So if there’s one thing you should learn from this post, it’s . . . yeah, you already know.

***

Gregory Frost’s latest books are TAIN and REMSCELA, comprising a retelling of the Ulster Cycle of Irish Mythology. And his newly completed gothic historical, Dark House, is an engrossing tale about a cursed and haunted White House, and about the brave slaves who risk all to battle a mysterious evil. Frost’s many titles have received starred reviews, and he has been nominated for top prizes including the Stoker, the World Fantasy Award, the International Horror Guild Award, and the Nebula. His duology Shadowbridge and Lord Tophet (Ballantine-Del Rey) was a finalist for the James Tiptree Award, was named one of the four best fantasies of the year by the American Library Association, and received starred reviews from Booklist and Publishers Weekly, the latter dubbing Shadowbridge “… a sparkling gem of mythic invention and wonder.” Currently, Frost is director of the Fiction Writing Workshop at Swarthmore College.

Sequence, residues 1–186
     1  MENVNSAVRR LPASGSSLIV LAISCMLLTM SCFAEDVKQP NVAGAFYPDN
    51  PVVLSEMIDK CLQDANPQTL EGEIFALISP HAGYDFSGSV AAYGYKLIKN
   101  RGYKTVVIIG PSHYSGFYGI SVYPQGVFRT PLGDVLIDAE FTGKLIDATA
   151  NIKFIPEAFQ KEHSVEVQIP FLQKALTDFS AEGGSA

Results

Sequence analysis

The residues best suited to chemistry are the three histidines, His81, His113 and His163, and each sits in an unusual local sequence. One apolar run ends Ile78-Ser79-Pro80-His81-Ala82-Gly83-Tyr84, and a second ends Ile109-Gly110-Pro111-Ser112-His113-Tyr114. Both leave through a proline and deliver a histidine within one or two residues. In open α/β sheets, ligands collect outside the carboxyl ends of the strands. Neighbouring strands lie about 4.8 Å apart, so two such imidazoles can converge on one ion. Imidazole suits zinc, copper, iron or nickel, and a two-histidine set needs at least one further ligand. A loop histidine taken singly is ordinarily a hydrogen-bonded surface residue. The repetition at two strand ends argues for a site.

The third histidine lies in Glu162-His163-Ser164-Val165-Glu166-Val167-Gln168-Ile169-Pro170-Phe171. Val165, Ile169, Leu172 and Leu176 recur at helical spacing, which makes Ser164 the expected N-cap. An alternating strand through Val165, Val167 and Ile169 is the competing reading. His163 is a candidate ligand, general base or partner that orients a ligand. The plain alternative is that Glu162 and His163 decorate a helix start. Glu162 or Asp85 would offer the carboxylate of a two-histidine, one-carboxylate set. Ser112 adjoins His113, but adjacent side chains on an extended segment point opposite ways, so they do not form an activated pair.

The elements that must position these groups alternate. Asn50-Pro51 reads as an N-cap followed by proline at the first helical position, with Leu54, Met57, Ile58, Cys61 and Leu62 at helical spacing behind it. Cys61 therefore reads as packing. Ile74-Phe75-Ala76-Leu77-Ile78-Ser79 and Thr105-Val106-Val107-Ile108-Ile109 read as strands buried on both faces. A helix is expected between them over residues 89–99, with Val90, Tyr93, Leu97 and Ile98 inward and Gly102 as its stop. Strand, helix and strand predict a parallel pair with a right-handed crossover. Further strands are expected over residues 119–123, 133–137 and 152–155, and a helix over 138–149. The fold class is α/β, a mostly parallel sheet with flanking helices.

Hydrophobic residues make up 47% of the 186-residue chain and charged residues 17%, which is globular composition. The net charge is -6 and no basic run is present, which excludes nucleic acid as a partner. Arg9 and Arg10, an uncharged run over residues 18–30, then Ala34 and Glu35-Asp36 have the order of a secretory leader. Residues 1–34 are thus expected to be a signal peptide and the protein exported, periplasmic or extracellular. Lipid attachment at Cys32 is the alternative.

*Marie is an Associate Agent at The Jennifer De Chiara Literary Agency in New York City. To keep up with all her Agent Monday posts, subscribe to her site.

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Agent Monday: Introverts Unite! Networking for Writers

Caroline Noonan Head Shot

Caroline Noonan

Happy Agent Monday, everyone!  Writers are often introverts. People who enjoy sitting alone and writing far more than being at the center of attention. Yet these days writers MUST get out into the world for their writing and for their careers. Today I’m pleased to welcome our client Caroline Noonan, who is here to give us all some painless tips on how we writers can connect…and on why it’s vital that we do.

The Importance of Networking for Writers
By Caroline Noonan